Book Image

Node Cookbook

By : David Mark Clements
Book Image

Node Cookbook

By: David Mark Clements

Overview of this book

The principles of asynchronous event-driven programming are perfect for today's web, where efficient real-time applications and scalability are at the forefront. Server-side JavaScript has been here since the 90's but Node got it right. With a thriving community and interest from Internet giants, it could be the PHP of tomorrow. "Node Cookbook" shows you how to transfer your JavaScript skills to server side programming. With simple examples and supporting code, "Node Cookbook" talks you through various server side scenarios often saving you time, effort, and trouble by demonstrating best practices and showing you how to avoid security faux pas. Beginning with making your own web server, the practical recipes in this cookbook are designed to smoothly progress you to making full web applications, command line applications, and Node modules. Node Cookbook takes you through interfacing with various database backends such as MySQL, MongoDB and Redis, working with web sockets, and interfacing with network protocols, such as SMTP. Additionally, there are recipes on correctly performing heavy computations, security implementations, writing, your own Node modules and different ways to take your apps live.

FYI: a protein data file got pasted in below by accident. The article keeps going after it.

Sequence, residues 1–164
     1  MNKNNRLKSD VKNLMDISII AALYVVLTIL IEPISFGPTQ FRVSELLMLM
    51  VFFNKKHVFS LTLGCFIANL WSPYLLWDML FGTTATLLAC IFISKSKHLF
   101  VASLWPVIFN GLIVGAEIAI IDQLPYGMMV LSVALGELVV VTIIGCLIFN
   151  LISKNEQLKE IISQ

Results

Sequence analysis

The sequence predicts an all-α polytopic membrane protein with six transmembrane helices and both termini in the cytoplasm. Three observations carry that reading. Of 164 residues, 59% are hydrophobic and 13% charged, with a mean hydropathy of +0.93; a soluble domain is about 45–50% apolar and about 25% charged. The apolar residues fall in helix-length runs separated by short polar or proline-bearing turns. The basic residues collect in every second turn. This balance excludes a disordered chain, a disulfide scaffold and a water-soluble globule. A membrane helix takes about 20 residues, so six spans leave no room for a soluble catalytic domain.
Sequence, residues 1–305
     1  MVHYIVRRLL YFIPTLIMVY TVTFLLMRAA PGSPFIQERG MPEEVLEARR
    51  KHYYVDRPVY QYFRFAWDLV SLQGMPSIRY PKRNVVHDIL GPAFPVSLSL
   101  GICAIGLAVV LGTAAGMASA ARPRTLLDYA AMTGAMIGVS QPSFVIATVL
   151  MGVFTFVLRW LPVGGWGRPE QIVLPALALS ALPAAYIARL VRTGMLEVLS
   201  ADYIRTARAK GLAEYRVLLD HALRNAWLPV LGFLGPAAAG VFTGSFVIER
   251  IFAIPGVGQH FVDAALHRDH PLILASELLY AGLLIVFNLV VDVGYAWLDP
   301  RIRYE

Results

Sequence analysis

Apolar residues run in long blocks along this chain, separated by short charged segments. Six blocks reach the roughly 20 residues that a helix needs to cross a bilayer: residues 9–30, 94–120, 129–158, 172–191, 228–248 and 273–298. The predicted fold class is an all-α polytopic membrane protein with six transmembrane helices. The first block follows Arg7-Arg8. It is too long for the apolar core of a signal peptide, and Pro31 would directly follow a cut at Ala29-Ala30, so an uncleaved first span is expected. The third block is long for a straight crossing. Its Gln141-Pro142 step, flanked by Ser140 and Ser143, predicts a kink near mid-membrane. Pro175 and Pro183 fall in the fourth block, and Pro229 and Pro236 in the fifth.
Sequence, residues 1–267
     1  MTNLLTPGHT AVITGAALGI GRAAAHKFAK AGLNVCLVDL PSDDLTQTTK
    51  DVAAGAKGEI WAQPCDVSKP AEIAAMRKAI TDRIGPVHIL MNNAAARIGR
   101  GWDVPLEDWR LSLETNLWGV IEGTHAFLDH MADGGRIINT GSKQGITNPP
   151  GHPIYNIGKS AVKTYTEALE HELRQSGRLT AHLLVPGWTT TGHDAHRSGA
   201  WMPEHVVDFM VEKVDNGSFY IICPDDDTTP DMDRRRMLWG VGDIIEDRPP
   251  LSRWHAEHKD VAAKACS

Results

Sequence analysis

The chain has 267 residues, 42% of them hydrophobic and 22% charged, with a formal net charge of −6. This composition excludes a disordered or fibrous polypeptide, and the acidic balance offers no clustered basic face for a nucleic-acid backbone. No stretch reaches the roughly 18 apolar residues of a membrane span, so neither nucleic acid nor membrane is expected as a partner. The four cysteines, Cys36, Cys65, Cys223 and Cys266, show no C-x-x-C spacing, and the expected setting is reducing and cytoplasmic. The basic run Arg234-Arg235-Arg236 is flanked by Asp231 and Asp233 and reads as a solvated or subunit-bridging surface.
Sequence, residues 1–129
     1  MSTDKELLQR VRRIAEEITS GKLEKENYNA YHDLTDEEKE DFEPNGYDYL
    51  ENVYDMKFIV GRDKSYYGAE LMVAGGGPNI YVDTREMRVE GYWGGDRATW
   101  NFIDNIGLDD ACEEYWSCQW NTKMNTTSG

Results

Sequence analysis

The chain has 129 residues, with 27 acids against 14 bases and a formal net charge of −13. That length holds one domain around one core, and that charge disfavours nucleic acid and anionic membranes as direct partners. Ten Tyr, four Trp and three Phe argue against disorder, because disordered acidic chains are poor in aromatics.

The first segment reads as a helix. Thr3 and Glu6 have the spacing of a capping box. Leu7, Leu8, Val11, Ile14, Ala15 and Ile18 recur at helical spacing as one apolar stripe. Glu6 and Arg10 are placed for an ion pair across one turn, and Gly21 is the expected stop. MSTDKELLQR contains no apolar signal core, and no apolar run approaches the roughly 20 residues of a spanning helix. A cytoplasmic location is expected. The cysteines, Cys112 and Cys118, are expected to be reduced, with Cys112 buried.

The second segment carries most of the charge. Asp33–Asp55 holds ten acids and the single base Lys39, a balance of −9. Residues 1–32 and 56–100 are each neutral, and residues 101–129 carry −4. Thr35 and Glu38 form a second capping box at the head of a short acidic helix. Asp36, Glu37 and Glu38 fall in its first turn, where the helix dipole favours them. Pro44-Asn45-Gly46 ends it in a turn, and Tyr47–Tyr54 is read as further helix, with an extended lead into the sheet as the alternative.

Table of Contents (16 chapters)
Node Cookbook
About the Author
About the Reviewers

Creating a real-time widget

The configuration options and well thought out methods of make for a highly versatile library. Let's explore the dexterity of by making a real-time widget that can be placed on any website and instantly interface with a remote server to begin providing a constantly updated total of all users currently on site. We'll name it the Live Online Counter (loc for short).

Our widget is for easy user consumption and should require very little knowledge to get working, so we want a very simple interface. Loading our widget through a script tag, and then initializing the widget with a prefabricated init method would be ideal (this allows us to pre-define properties before initialization if necessary).

Getting ready

We'll need to create a new folder with some new files: widget_server.js, widget_client.js, server.js, and index.html.

Before we start let's also get the module from npm. We'll be using this to build our custom socket...